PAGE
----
Sometime ago, I wrote about how it is sometimes hard to determine quickly whether something is working or not (here). This is often also the case in the way people and organizations achieve success. Jim Collins, in Good to Great, studied some exceedingly successful companies with his team and concluded that did not achieve their spectacular success through special change programs, nor through breakthrough decisions or products. On the contrary, he found, the process evolved very fluently. To explain, Collins uses the metaphor of the flying wheel. When you start to turn this wheel it goes heavily and moves slowly. But by continuously keeping on turning the wheel, it starts to build momentum and then, just suddenly, a point is reached at which the wheel turns at great speed without you having to turn it any harder than at first. I find this an inspiring view on how success can be achieved, not only for organizations, but just as well for individuals. Last week, I came across another fruitful metaphor for growing success.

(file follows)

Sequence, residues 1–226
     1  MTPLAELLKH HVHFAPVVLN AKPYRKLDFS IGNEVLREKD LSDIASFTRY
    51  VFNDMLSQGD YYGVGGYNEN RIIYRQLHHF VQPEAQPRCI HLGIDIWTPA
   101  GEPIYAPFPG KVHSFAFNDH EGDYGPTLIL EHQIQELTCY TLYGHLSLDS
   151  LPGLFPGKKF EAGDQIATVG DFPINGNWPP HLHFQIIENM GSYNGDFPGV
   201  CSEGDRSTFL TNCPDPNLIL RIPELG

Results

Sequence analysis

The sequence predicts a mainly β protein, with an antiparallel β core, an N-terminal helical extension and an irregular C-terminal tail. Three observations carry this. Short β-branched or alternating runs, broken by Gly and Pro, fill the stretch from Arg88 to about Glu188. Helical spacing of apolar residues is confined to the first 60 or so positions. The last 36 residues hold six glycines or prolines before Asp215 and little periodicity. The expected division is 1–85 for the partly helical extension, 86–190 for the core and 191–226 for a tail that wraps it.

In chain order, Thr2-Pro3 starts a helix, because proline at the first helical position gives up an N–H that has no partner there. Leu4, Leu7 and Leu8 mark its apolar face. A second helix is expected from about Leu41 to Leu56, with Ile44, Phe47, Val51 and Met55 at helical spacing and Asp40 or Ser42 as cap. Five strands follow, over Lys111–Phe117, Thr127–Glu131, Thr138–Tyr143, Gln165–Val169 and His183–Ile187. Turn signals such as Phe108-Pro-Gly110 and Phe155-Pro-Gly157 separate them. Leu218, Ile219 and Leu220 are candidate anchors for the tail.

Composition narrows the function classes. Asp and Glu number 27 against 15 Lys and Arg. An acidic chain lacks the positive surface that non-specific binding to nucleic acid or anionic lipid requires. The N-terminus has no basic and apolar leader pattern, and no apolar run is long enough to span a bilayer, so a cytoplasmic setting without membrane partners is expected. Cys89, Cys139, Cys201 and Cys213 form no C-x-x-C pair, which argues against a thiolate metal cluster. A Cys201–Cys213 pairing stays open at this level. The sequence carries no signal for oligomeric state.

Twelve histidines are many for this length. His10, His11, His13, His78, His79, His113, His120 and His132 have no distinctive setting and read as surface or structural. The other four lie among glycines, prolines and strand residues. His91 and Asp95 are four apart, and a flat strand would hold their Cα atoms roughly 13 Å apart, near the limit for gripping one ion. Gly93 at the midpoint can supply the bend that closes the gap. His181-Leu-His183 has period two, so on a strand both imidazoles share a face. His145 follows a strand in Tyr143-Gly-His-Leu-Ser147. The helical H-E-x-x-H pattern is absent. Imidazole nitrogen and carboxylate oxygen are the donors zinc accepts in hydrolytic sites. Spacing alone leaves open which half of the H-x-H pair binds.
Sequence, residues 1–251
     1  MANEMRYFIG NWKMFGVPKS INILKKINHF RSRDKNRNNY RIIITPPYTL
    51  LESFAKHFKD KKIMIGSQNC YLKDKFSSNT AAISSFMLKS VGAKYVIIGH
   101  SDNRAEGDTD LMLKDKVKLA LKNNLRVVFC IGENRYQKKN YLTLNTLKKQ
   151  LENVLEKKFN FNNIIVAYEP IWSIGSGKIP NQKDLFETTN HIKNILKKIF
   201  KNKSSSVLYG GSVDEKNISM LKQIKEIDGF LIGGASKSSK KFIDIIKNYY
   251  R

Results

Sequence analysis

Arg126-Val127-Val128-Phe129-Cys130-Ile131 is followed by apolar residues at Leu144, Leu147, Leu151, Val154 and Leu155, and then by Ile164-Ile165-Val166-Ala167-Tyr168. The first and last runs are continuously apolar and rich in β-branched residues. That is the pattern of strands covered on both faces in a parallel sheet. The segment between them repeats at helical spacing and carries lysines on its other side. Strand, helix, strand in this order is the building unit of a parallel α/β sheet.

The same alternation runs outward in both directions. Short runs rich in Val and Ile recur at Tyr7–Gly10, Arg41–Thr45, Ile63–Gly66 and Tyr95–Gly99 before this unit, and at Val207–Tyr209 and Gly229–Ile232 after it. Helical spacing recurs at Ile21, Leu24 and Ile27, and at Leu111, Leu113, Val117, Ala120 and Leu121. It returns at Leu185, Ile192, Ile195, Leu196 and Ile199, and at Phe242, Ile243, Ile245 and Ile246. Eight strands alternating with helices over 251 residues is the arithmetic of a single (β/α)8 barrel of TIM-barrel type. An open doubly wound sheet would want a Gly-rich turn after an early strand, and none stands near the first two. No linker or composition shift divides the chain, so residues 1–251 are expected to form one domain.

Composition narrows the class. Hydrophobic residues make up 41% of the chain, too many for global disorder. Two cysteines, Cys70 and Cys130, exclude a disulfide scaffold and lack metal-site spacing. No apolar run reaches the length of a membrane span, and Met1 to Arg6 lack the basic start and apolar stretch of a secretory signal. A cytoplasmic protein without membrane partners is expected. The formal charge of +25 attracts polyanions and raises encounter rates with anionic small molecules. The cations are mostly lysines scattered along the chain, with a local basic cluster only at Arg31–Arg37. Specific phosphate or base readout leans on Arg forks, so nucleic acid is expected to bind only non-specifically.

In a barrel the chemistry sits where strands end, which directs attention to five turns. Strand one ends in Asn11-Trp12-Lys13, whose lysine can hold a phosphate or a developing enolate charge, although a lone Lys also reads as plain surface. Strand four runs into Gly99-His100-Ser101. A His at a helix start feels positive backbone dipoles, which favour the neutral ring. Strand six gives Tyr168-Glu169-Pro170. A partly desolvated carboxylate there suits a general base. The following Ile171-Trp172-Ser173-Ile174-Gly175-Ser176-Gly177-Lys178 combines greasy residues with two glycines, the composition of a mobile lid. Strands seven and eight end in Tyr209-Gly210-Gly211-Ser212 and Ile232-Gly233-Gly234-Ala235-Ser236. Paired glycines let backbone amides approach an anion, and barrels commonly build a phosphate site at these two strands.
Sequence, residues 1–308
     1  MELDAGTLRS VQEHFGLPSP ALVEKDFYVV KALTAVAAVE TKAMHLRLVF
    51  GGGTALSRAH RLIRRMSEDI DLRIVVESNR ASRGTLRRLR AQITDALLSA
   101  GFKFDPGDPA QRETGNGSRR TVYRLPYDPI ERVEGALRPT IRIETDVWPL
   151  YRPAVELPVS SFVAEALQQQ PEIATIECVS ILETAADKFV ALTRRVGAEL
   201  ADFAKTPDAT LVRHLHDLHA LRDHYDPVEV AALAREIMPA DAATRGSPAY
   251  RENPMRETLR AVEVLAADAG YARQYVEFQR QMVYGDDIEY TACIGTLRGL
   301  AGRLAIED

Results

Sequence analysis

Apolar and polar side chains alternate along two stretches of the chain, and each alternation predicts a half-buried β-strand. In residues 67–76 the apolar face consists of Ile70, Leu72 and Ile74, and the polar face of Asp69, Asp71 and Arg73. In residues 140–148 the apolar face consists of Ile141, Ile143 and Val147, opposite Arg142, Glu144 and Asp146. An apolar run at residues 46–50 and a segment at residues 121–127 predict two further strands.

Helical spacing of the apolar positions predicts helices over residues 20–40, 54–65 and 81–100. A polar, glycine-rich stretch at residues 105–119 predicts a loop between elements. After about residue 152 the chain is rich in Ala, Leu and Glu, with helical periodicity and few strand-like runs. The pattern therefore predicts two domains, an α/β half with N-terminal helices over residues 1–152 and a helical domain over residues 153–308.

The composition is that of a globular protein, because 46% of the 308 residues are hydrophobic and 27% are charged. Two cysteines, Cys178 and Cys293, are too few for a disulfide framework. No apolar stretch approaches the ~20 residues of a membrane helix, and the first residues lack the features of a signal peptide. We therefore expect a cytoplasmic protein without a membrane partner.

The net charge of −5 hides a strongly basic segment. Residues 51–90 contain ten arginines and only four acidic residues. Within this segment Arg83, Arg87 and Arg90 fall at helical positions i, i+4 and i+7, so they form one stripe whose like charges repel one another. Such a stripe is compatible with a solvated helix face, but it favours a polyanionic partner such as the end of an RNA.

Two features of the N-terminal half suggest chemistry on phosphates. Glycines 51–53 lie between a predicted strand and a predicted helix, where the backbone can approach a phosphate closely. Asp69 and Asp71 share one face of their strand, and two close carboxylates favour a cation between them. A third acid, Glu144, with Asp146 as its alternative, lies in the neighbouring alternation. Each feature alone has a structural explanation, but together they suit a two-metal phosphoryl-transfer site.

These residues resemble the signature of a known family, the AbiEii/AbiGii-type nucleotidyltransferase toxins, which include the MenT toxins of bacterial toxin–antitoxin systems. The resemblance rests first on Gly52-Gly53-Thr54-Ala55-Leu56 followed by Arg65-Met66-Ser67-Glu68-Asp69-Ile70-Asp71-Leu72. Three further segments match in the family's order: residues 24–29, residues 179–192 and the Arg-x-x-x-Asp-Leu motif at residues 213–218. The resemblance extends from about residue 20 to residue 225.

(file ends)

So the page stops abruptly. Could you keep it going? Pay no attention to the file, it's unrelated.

A ten year old boy made a visit to a violin teacher for a first lesson. The teacher asked him: "Have you ever seen an apple grow?" The boy smiled and hesitatingly said: ".... Uh... yes?" The teacher asked: "Really? Did you actually see it grow?" "Not really", the boy replied. "Aha", said the teacher, "that's the thing with apples; they grow so slowly, you never see them grow. But still they do. It is just like playing the violin. If you practice daily, you may never see your growth from day to day as a player but still you grow. You grow slowly."
Also read: Deliberate practise